|Published||[London: W. Barrett, 1615]|
|Dimensions||Image 97 x 121, Plate 101 x 127, Sheet 274 x 184 mm|
A depiction of Charon's Cave, on the shores of Lake Agnano in southern Italy. The image shows a group of men ushering a dog into the cave mouth, to test its safety before entering in themselves. The dog in fact dies from the warm carbonic acid gas that fills the cave. Smoke plumes from the remains of a Roman building labelled 'Saint German's Stove'. The engraver has taken some artistic licence by adding a skeleton appearing out of the smoke, wielding an arrow at the men below.
An illustration from George Sandy's four volume work 'A Relation of a Journey begun An: Dom: 1610. Foure Bookes. Containing a description of the Turkish Empire, of AEgypt, of the Holy Land, of the Remote parts of Italy, and Ilands adioyning'.
Francis Delaram (active 1615-1627) was a British engraver. Nothing is known of Delaram's life apart from what can be deduced from his prints. Most of them are portraits or title-pages, but Delaram was also responsible for some early books of flowers, beasts and birds, and probably the earliest English drawing book (of which no copy survives). While in London he worked for many publishers, including Compton Holland, Sudbury & Humble, Roger Daniell and Maurice Blount. He never acted as publisher himself.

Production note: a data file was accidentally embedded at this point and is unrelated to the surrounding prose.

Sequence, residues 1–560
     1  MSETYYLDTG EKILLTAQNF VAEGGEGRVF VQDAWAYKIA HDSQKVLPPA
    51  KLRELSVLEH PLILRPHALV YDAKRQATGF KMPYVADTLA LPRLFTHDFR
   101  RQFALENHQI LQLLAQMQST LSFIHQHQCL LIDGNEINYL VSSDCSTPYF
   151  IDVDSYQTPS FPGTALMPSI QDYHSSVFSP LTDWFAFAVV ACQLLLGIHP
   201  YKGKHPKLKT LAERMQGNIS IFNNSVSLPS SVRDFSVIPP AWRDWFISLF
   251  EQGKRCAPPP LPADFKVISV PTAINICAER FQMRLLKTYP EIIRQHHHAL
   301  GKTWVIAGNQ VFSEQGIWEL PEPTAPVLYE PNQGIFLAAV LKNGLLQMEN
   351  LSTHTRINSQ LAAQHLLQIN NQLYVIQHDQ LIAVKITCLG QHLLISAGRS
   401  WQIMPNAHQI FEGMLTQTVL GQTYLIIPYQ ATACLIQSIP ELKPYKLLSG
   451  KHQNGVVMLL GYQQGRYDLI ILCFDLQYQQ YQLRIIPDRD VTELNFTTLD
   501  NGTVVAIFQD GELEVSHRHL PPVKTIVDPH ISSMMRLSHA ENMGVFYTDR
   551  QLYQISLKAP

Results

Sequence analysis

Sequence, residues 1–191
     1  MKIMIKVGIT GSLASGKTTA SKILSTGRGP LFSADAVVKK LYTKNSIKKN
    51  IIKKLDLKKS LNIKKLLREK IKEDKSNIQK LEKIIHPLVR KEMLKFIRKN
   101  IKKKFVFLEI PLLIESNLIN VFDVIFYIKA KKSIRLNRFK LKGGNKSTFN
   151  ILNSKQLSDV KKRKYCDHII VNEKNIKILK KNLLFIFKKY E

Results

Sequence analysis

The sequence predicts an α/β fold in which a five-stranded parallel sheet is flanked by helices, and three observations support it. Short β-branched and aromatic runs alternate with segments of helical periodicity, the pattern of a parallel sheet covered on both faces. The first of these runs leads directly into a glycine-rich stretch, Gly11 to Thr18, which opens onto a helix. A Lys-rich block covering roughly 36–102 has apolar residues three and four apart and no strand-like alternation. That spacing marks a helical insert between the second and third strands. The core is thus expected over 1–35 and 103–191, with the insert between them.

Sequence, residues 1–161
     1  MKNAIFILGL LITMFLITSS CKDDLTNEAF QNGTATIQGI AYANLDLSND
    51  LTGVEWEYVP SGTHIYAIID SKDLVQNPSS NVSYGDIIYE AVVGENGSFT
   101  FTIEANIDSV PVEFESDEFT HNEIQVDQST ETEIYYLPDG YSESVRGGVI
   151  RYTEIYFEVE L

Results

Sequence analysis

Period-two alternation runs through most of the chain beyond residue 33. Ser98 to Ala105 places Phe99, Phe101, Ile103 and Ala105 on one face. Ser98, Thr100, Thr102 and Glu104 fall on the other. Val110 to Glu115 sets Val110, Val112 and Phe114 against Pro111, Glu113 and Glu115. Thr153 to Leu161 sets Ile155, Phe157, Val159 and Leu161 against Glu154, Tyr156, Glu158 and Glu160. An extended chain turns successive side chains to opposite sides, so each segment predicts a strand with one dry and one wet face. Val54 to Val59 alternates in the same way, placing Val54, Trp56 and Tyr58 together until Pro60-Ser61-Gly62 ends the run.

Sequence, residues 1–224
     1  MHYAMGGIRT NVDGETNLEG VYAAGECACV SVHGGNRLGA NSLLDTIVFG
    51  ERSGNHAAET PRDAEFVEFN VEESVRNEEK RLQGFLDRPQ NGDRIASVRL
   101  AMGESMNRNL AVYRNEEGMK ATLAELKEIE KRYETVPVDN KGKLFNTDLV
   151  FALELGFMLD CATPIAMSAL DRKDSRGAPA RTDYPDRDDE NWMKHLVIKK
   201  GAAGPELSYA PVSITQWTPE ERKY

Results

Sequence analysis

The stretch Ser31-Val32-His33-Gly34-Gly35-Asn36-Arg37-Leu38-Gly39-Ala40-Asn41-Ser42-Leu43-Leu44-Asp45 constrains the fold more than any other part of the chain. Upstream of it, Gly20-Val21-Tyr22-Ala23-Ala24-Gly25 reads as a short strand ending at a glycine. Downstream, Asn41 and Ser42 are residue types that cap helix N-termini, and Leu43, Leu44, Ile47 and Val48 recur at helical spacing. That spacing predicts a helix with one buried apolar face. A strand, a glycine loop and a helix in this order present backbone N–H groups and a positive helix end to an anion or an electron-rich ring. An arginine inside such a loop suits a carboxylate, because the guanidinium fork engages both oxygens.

George Sandys (1578-1644) was a British poet and politician. After studying at Oxford he became colonial treasurer for agriculture and industry of the Virginia Company. In his lifetime he was much admired as a translator of Latin poetry. In 1610, he spent a year in Turkey, Palestine and Egypt. His observations soon saw him regarded as a special authority on the Levant. His good documentation and literary bent marks the transition from travel literature of the sixteenth century to that of the seventeenth. It is also representative of those travel narratives that oscillate between geography, history and autobiographical travelogue of fluid and contradictory character. His publication made an essential contribution to the geographical and ethnographical knowledge of its time. It was translated into German and Flemish, and ran through nine editions in the seventeenth century alone.
Condition: Printed on full sheet with text above and below image. Second engraving of the Lake of Agnano on verso. Time toning. Wear and tear to margins.